Friday, June 23, 2000

State: N.Ky. violating smog rules


Counties face penalties despite EPA OKing metro Cincinnati

By
The Associated Press

        LOUISVILLE — State officials recommended that 18 counties — including Boone, Kenton and Campbell — be declared out of compliance with federal Clean Air standards.

        The standards regulate smog. Violations could require new environmental rules for drivers and companies in the area.

        The Environmental Protection Agency, using its current, less stringent smog rules, gave the Cincinnati metro area a clean bill of air health on June 8, declaring the region in compliance for smog.

        A community that's labeled out of compliance can find it more complicated to expand or attract new businesses and improve roads and highways.

        At issue is the way the EPA orders states to decide which areas exceed national standards for various pollutants, including ground-level ozone, which can cook up into eye- and lung-burning smog in sunlight.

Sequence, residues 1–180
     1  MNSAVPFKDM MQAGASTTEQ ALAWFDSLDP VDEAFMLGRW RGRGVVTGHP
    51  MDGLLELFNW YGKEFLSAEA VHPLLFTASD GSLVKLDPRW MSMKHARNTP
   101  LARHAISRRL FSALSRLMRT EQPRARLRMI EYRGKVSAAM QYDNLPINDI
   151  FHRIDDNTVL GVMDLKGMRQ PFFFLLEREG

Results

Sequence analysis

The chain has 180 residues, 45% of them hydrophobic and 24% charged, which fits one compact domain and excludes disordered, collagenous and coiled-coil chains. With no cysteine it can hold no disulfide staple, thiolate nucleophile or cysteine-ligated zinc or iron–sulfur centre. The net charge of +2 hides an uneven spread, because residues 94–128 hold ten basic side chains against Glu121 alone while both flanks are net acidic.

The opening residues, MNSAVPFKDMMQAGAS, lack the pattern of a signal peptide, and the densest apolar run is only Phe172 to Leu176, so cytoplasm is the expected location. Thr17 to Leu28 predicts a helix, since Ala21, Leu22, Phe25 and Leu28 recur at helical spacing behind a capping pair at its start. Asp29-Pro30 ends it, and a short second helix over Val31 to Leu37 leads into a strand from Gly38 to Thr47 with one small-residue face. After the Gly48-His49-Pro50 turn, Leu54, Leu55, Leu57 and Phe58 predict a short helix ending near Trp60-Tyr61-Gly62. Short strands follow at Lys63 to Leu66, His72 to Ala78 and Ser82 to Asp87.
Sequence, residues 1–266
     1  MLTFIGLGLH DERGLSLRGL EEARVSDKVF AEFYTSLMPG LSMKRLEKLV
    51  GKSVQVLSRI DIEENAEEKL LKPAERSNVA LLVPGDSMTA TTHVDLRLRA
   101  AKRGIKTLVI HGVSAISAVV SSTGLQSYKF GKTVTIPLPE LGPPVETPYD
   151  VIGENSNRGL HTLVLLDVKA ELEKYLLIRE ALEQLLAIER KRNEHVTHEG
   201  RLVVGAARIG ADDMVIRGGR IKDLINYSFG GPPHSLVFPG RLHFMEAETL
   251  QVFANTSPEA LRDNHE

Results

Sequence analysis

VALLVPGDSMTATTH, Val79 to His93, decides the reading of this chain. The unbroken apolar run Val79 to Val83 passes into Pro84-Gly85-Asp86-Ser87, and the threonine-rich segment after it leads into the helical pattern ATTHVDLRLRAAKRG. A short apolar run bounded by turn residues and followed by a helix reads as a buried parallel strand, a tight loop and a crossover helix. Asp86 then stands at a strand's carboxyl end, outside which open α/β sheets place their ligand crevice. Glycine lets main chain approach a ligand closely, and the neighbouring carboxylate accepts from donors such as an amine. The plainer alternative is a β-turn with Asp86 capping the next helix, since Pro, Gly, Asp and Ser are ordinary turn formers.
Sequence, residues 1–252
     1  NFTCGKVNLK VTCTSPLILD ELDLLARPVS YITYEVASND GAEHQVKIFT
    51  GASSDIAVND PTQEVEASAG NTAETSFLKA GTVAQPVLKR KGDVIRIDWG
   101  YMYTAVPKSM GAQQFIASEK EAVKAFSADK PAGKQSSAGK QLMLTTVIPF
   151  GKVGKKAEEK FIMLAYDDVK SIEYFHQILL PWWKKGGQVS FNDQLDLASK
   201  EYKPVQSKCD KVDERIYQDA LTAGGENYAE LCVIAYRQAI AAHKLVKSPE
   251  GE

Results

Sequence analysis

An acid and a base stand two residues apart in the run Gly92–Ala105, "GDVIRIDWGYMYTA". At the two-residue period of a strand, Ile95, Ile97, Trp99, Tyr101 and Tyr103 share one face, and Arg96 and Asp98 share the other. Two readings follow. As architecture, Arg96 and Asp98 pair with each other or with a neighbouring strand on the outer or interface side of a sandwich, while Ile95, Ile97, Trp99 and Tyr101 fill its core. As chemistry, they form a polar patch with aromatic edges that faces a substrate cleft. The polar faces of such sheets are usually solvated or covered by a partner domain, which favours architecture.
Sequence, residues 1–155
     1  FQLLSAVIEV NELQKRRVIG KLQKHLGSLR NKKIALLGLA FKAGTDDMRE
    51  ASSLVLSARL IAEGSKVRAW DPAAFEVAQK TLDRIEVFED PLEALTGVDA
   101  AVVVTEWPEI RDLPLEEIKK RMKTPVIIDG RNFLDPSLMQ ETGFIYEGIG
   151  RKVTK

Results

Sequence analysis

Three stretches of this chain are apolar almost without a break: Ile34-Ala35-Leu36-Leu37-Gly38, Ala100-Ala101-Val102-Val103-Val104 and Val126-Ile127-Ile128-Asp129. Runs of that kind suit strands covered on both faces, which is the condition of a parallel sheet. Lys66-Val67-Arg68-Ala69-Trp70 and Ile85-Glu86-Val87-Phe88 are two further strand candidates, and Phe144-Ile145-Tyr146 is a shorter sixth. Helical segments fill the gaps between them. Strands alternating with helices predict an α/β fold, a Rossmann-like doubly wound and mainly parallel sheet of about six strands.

At least one Kentucky county intends to fight its smog-zone designation.

        McCracken County and Paducah filed a lawsuit Tuesday seeking to prevent the state from including them with the others.

        The list of counties recommended for nonattainment status are Jefferson, Oldham, Bullitt, Hancock, Daviess, Henderson, McCracken, Marshall, Christian, Boyd, Greenup, Campbell, Kenton, Boone, Scott, Fayette, Simp son and Warren.

        The state Division for Air Quality, following guidance from the EPA, looked at air-pollution monitoring for the years 1997, 1998 and 1999. All the counties in Kentucky that exceeded the EPA's 1997 rules were put on the smog-zone list except for five, said Heather Frederick, spokeswoman for the Natural Resources and Environmental Protection Cabinet.

        They are Edmonson, Graves, McLean, Trigg and Livingston counties, and they escaped because nearly all their smog blows in from beyond their county lines, she said.

        The EPA will review the list and decide whether to accept, reject or modify it following dis cussions with state officials, Ms. Frederick said.

        She expects a final decision early next year.

       



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